Upon discovering I wrote children’s picture books, the woman’s first question was, “How many words do you write a day?”
I was speechless. There were no words. If there had been words, I would have said something like, “If I’m lucky, I write 10 words a day, but they are very good words.”
It seemed an odd first question to ask an author, especially an author who last year sold a manuscript of only 22 words. I wrote that story in about 3 months, a very short time for me. Let’s see. That’s less than 1 word every 3 days. Not very impressive, I must admit.
However, in today’s market, the fewer words in a manuscript, the better, or so it seems. And art notes, once verboten, are now acceptable, as long as the writer understands how to use them. Shutta Crum is one who knows how to use them. She explains a bit about the art notes she wrote to go with her 9 ½ word book Mine! in the March/April 2013 SCBWI Bulletin, “Writing the Wordless, or Almost Wordless, Picture Book.”
The woman’s question seemed to reveal underlying questions:
“How fast can you write?” “How much can you do?”
If I’d had the time and she’d had the interest, I could have explained:
“Less is more.”
“Quality is preferred to quantity.”
“Every word must be perfect and perfectly placed.”
“Our job, as writers, is often taking words away, rather than adding them.”
"Sometimes when I’m writing, I just sit and think or walk and think. I don’t actually write at all."
The brilliant inventor, Nikola Tesla, would sometimes sit for hours thinking, putting his invention together in his mind, before he sat down to physically construct it. Abigail Samoun, agent extraordinaire and author of Mind Afire the visions of Tesla says. “When Tesla first thought up his AC motor, he had imagined its every specification so clearly, that when he built it, it worked flawlessly.
Sadly, I don’t have the mind of Tesla, but the last two times I had mini breakthroughs were 1) upon waking and 2) when I was sitting quietly prior to meditation. I was silently waiting, not writing at all.
Perhaps a better question would have been, “What value do your stories give to children?” “Is there a philosophy or theme that runs through your work?” or even, “What are your stories about?”
In the spirit of “less is more” I'm sharing two books that demonstrate this in different ways. They also both demonstrate love, perfect for Valentine's Day.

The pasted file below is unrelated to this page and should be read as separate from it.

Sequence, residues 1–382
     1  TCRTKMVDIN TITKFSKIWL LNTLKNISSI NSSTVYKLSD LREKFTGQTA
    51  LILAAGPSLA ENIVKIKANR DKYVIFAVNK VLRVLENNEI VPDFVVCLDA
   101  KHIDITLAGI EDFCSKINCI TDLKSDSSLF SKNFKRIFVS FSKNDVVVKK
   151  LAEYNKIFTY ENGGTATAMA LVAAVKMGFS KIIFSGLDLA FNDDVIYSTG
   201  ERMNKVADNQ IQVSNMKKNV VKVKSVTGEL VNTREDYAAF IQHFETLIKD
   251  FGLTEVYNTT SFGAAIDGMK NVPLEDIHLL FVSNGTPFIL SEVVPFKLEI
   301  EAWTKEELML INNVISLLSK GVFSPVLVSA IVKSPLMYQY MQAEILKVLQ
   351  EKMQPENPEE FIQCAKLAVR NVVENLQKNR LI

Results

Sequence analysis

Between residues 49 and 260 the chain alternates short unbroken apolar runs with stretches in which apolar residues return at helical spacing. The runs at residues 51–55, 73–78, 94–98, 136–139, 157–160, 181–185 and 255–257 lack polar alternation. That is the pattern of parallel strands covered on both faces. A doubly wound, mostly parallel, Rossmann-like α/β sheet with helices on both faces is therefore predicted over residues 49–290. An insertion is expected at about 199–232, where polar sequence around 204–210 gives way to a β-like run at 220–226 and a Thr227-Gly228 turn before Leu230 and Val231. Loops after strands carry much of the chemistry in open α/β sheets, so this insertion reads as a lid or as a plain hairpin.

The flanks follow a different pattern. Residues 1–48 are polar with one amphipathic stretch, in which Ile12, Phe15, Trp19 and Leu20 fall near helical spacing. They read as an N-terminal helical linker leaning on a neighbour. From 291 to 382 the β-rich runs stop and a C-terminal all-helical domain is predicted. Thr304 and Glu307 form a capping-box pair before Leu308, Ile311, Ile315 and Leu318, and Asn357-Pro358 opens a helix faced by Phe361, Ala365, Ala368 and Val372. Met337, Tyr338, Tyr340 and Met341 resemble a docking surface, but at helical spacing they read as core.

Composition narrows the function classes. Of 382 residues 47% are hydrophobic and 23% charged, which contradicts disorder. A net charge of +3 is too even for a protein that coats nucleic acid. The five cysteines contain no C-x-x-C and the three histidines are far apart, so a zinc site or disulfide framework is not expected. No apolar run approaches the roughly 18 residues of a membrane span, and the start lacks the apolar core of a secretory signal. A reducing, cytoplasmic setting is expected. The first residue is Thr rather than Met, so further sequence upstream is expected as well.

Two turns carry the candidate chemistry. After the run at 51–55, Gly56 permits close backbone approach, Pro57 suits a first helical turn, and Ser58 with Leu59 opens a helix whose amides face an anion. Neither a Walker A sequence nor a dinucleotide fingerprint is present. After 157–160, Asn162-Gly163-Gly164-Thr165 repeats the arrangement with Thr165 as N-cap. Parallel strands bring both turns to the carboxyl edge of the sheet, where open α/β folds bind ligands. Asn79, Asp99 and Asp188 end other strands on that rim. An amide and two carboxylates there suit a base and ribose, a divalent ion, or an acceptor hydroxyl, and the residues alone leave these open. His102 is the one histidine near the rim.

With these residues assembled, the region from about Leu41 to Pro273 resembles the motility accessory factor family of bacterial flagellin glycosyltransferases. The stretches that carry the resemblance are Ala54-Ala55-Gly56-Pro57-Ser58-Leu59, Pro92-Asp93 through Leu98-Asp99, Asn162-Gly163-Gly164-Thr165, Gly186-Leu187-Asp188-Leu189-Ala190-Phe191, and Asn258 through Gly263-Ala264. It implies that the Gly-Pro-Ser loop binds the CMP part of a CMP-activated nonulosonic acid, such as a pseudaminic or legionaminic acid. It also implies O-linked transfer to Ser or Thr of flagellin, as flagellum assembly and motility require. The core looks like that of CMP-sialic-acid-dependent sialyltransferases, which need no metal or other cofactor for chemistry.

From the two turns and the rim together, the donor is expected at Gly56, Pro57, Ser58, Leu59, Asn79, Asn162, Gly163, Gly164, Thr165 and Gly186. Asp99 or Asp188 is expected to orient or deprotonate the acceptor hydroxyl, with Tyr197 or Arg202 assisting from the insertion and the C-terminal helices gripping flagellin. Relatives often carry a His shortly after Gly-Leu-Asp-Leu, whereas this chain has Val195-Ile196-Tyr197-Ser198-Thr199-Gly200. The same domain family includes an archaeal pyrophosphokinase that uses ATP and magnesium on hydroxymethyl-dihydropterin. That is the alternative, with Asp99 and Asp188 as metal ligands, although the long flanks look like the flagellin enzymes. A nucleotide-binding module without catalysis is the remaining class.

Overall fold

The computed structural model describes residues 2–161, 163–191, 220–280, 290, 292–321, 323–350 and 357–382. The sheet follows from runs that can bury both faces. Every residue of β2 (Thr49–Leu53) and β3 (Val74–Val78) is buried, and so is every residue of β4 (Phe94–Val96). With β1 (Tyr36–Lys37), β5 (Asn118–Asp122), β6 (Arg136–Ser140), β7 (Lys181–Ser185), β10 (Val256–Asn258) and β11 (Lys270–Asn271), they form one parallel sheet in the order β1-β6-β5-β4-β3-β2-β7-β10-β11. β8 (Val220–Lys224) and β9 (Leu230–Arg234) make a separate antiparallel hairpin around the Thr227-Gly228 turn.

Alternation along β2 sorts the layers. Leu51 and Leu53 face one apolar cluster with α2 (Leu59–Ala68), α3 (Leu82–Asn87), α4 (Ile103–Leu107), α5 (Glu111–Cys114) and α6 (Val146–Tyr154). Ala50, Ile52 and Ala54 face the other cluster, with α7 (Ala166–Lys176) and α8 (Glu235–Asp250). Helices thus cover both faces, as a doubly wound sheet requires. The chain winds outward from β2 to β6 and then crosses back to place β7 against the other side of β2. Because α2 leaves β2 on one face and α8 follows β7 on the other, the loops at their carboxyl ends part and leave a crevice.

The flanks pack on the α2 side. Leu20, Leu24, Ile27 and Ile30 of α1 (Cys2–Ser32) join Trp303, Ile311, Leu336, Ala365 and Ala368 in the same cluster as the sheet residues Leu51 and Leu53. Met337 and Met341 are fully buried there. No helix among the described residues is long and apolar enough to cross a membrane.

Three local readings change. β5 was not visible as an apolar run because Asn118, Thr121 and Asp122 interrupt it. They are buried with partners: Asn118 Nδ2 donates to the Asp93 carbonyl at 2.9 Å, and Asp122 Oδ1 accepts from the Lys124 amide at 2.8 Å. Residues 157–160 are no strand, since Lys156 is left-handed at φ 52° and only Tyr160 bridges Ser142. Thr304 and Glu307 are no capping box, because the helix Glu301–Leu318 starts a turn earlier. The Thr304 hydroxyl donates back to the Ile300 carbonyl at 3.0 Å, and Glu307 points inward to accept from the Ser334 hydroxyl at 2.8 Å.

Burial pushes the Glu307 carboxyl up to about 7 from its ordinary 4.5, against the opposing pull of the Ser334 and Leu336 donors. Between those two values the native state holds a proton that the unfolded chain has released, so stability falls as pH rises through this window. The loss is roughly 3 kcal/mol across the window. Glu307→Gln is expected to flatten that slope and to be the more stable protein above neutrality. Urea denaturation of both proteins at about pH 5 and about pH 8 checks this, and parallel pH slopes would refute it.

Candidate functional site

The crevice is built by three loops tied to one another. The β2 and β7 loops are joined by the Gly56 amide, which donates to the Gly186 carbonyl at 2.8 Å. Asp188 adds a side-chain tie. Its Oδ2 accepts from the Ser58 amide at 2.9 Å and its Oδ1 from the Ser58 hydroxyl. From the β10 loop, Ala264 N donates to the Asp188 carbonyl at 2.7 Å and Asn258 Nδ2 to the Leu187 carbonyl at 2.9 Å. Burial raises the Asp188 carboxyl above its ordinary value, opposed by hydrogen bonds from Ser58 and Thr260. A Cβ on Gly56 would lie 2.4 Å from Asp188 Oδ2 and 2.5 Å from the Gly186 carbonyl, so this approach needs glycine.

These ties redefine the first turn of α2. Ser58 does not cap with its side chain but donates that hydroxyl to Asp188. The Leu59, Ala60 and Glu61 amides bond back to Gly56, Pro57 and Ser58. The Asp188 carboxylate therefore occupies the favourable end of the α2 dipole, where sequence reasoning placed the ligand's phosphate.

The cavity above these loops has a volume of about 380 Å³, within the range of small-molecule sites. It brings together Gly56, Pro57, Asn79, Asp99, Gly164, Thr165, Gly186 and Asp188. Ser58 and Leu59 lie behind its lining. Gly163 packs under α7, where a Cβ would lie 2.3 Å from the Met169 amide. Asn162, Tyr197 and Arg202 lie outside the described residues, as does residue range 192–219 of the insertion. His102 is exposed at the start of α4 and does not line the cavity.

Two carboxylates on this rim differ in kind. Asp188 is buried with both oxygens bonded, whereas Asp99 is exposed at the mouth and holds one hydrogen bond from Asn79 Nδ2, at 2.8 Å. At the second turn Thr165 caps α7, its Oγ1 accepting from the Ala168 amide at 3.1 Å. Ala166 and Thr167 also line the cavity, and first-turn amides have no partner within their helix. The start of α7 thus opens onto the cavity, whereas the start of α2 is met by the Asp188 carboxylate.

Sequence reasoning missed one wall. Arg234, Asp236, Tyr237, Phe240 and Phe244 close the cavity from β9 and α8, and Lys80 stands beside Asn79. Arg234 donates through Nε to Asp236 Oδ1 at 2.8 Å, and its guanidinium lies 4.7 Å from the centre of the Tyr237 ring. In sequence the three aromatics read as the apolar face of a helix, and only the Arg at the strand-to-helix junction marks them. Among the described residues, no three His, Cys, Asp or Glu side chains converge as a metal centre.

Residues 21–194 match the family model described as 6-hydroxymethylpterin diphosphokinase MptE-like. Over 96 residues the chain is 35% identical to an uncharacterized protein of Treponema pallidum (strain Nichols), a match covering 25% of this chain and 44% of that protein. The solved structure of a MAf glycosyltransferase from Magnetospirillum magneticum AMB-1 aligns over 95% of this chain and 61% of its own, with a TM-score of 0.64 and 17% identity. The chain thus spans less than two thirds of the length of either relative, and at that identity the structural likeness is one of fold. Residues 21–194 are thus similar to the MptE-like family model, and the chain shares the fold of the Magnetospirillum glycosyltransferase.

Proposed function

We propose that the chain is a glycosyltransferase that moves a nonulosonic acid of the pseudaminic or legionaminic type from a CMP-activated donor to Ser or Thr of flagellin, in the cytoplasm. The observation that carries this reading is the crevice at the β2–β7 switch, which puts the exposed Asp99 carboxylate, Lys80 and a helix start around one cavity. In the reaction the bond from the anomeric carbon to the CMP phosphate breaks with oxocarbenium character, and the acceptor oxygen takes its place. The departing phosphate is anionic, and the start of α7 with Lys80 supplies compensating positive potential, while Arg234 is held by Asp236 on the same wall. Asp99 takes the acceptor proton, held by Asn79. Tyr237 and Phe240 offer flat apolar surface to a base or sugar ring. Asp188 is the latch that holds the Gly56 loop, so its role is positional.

No by Claudia Rueda is a 125-word picture book about a little bear who isn’t ready to hibernate, relatable to children who aren’t ready to go to sleep. In the second half of the book there are 3 double page spreads with no words, just the illustrations, also spare, showing the rising action. After those 3 double page spreads, there are 2 double page spreads with only 1 word on each spread: “Mama!”, then another double page spread with no words.
Trouper is a picture book in which a three-legged dog is the main character. One of the things I loved about this book, which is based on a true rescue story, is that the three legs are never mentioned directly. You see the images from the beginning, but the only two references are near the end: “my hairy stump” and the endearing ending when Trouper and the boy who’s rescued him play “a game called RUN ----- and leave five footprints in the snow.”
As Deepak Chopra wrote in his book Creating Affluence, “The field is dynamic. Even though it is silent, it has the infinite dynamism that can create any possibility....In the silence is the source of the dynamism...The deeper the silence, the more the dynamism.”
Go back and substitute the word “story” for “field.” Sometimes it’s not about how many words we write. Sometimes it’s the dynamism we can create through silence. That’s when we can listen, to ourselves, or to our muse, and not worry about how many words we wrote per day.
Called a “born storyteller” by the media, Marsha Diane Arnold wrote the award-winning “homegrown treasures” column prior to penning eleven award-winning picture books. Last year, Marsha contracted with Neal Porter Books for two new picture books, Kate O'Sullivan of Houghton Mifflin for another, and Tamarind for a fourth. Marsha's course Writing Wonderful Character-Driven Picture Books has helped many published and aspiring writers to write stronger characters. If you're near Sebastopol, CA, come hear her SCBWI presentation on Character-Driven Books on March 6th, 2014. All attendees may receive half off her course.
Meet the Friday Blogonauts
First Fridays will feature Bryan Patrick Avery, published writer , man of mystery, and professional magician among other things.
Second Fridays will feature awesome multi-award winning author Marsha Diane Arnold who will be writing about character-driven and/or nature-based books and/or anything she likes :)
Third Fridays will feature independent Aladdin/Simon & Shuster editor Emma Sector who has helped bring many books into the world.
Fourth Fridays will feature the great Christine Taylor-Butler who has published over 70 award-winning fiction and non-fiction and nonfiction books including the acclaimed new middle grade series - The Lost Tribes.
Fifth Fridays will feature the fabulous Carl Angel award-winning multi-published Illustrator and graphic designer.
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